While the red and black of Chinese New Year decorates malls throughout Vancouver, hundreds of First Nations and non-First Nations alike gathered at the PNE Forum this past weekend to celebrate the Nisga’a New Year “Hobiyee.”
“Different nations come together to join our Hobiyee celebration, which is great,” says Chester Moore, or Hay Maas, a Hereditary Chief and from the Nisga’a Nation. “It’s great unity. It creates relationships.”
Similar to many Asian traditions, the Nisga’a New Year every February is based on the lunar cycle of the moon.
“February moon is a special moon. It indicates what kind of season we’ll be having,” says Chief Hay Maas. “It’s the beginning of the harvesting season. Usually two or three weeks after Hobiyee, the Oolichan spawn up the Nass [Valley].”
Chester is referring to the home territory of the Nisga’a Nation, the Nass Valley, in Northwestern British Columbia. The Valley has four villages and is well known for its Lava Beds, left after a volcano erupted hundreds of years ago.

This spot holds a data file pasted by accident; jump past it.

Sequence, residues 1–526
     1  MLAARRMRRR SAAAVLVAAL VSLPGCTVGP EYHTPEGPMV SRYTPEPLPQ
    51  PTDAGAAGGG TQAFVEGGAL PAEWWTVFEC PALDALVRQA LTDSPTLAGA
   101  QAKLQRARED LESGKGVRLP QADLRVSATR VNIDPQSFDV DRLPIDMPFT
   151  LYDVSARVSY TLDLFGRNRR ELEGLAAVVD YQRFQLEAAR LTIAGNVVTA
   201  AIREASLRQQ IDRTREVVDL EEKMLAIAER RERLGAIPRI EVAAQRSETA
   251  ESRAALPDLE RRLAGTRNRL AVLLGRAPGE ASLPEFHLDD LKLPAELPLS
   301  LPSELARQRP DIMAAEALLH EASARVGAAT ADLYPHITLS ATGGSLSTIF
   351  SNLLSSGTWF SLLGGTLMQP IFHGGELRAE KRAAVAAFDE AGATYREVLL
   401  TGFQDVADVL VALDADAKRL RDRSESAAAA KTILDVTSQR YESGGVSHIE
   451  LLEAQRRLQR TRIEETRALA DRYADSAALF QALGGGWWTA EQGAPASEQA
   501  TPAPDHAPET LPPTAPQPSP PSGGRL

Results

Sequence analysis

There is a Hobiyee celebration each year in the Nass Valley as well, but the elders decided to host a celebration in Vancouver because of how many of their people live in urban centers.
The two-day event features a full lineup of cultural dance groups. Chief Hay Maas says it’s a great way for Nisga’a people to stay connected to their culture.
“You come to know yourself when you are culturally dancing. It’s to share the spirit of our forefathers with others.”
And when the leader of a dance group shouts “Hobiyee,” everybody in the crowd shouts “Hobiyee” back. The expression is a way to celebrate unity, pride and the February moon, shaped like a spoon, which means the New Year will be plentiful for everyone!
Trevor Jang is a reporter for Roundhouse Radio in Vancouver.